Antigua added! More students learn coding with IGT camp

The narrative that “doctor, lawyer, bank manager” are the main careers available to Caribbean students after school continues to be a thing of the past, as IGT successfully hosted a Coding and Robotics Rock! Camp for Tier II participants with Tier I should start soon.

We are sure that the new group starting the introductory course in August will end up with an even bigger appetite for the next level.

IGT established the regional virtual learning camp in 2021 with an introductory offer through its After School Advantage (ASA) centers in Barbados, Jamaica, St. Kitts and Nevis, and Trinidad and Tobago. For 2022, this number has been increased to include Antigua as a new participating country. IGT Coding and Rock Robotics! The camp engages young participants ages 11-18 from IGT After School Advantage Centers in Antigua, Barbados, St. Kitts and Nevis, Jamaica, and Trinidad and Tobago.

The young participants recently completed the Intermediate Level II course of IGT’s Coding and Robotics Rock! Camp, and anticipation is high for students entering its Level I Introductory Course in a few weeks.

IGT’s regional director for the Caribbean, Brendan Hames, said the project has grown tremendously since its inception. “We are excited to renew this vital exercise and see many of the young participants in the initial cohort move into new areas of digital knowledge and skills,” he said. “We are sure that the new group starting the introductory course in August will end up with an even greater appetite for the next level of the course.”

Dr. Ava Maxam, Acting Executive Director of the Mona Geoinformatics Institute (MGI) at the University of the West Indies (UWI), Mona, said the institute believed that the Intermediate Level II training had helped instill in young people a appreciation of the potential for them to launch careers in coding and robotics.

“We were able to provide students with a clear idea of ​​the opportunities that are now available given the evolution of technology,” she commented. “And we know that will be an inspiration to them.”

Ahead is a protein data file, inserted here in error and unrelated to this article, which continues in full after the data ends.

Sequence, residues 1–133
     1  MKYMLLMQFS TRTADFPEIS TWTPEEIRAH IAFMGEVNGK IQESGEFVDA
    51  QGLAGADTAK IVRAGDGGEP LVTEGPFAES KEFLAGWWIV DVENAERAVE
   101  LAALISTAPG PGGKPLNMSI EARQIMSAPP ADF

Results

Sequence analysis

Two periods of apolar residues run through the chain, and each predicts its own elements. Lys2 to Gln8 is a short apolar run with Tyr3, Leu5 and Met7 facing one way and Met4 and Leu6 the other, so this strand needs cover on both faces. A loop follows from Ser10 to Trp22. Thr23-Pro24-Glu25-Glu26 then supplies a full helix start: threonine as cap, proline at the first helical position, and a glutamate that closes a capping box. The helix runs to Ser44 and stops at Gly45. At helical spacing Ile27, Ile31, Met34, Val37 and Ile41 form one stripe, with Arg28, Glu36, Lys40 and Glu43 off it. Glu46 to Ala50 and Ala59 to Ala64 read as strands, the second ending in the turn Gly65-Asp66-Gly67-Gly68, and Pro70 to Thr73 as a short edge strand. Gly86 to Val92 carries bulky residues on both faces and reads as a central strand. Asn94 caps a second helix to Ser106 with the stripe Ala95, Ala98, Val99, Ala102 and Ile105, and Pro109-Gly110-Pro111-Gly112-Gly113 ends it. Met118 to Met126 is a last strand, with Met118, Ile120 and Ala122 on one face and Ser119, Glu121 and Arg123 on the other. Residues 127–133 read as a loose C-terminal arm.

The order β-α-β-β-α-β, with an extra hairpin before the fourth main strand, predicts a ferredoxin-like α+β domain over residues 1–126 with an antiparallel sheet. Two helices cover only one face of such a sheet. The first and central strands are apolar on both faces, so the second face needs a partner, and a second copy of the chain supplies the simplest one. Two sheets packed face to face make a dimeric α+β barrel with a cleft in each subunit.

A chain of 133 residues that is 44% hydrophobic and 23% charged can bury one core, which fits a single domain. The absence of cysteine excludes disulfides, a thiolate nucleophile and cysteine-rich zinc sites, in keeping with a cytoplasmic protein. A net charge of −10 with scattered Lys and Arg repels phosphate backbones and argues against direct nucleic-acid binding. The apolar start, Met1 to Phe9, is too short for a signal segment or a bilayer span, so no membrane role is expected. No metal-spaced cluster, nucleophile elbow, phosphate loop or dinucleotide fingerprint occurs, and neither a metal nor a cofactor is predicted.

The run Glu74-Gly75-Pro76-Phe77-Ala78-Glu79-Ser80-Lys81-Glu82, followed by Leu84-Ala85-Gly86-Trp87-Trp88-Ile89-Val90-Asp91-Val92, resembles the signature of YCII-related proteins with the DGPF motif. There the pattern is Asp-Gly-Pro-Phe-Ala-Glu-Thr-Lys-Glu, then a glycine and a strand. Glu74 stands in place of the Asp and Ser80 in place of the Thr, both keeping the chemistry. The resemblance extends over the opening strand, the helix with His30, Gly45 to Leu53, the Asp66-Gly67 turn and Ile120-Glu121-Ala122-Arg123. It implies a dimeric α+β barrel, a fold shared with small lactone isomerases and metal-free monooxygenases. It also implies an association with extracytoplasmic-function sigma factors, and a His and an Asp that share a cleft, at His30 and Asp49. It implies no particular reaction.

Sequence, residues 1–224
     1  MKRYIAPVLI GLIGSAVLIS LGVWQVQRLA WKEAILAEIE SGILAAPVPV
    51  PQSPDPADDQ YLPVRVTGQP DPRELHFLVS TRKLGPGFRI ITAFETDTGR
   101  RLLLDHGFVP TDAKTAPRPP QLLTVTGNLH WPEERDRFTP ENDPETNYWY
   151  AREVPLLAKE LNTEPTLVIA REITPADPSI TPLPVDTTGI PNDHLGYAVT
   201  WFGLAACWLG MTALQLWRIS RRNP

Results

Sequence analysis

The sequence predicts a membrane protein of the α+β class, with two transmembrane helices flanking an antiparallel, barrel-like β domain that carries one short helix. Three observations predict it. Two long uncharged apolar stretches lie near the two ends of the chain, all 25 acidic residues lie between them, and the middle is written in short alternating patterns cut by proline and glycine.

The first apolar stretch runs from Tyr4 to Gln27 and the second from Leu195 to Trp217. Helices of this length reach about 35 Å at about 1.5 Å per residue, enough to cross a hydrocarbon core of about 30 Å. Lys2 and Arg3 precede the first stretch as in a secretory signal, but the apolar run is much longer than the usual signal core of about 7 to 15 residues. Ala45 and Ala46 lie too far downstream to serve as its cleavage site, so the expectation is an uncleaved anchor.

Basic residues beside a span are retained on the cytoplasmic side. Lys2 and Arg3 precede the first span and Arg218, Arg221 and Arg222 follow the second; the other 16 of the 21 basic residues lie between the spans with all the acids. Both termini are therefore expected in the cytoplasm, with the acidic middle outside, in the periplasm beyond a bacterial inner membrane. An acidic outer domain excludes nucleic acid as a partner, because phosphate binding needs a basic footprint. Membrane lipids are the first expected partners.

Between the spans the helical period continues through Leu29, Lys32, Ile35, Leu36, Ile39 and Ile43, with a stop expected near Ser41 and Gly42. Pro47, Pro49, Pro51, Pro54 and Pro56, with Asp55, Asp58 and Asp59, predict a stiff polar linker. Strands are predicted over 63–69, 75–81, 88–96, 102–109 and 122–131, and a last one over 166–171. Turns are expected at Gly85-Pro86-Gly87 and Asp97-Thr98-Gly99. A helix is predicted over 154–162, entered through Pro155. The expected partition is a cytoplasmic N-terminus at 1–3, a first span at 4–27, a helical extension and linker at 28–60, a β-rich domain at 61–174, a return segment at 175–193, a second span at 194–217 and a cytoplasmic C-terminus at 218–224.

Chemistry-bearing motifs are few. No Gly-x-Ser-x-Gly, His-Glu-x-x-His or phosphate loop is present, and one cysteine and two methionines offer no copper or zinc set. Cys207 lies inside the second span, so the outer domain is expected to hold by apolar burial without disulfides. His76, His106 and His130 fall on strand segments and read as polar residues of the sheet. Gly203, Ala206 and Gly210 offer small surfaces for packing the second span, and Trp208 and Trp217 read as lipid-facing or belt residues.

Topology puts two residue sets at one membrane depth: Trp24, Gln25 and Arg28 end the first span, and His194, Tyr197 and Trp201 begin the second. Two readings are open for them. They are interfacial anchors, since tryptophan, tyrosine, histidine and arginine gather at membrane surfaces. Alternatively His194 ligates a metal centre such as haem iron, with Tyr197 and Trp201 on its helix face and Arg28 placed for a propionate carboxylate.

Education Specialist Nalini Ramsawak-Jodha of UWI, St Augustine Campus, who provided advice on program development to the MGI team, noted that the right mix of fun and learning was taken into account in the design of the program to engage students in discussion and action regarding the regions. growth and sustainability in line with the Camp theme, “Youth Coding for a Sustainable Caribbean”.

“This year’s course design has been carefully structured to achieve the program’s purpose and meet the needs of all participants with varying learning styles and interests. The topic of regional sustainability being related to coding and robotics is a very broad topic. We had to make sure that the lessons were small, which would inspire students to want to learn and actively engage in all aspects of the training,” she said.

While integrating the HTML, CSS and JavaScript tools of the Level I course, the Level II course, offered in two modules, trained students in more complex web development and design functions, and also provided them with an introduction to artificial intelligence (AI), encompassing a brief history of the technology and moving on to many of today’s most prevalent applications, including voice, speech recognition, and autonomous vehicles. Students had to pass a written exam and a practical assessment for each of the modules. Among the areas of testing were: basic terms in AI; real-world applications of AI; and AI applications in the electronics industry.

During the practical assessment, students had to create a website; introduce themselves and/or present their area of ​​interest on the page; to break down the different sections of the website and create a web page for one or more of each of the categories from the previous page created. A group project focusing on the development of intercultural websites was also assigned and evaluated (historic sites, sports sites, etc.) as well as an exercise focusing on CSS.

IGT, through its ASA program, has always played a leading role in improving access to technology and internet connectivity for young people in underserved communities. Since 2011, IGT and its subsidiaries have opened some 39 ASA computer labs in the English-speaking Caribbean. Through this and other initiatives, IGT aims to continually improve students’ technological awareness and thus prepare them to contribute to the social and infrastructural development of the Caribbean.

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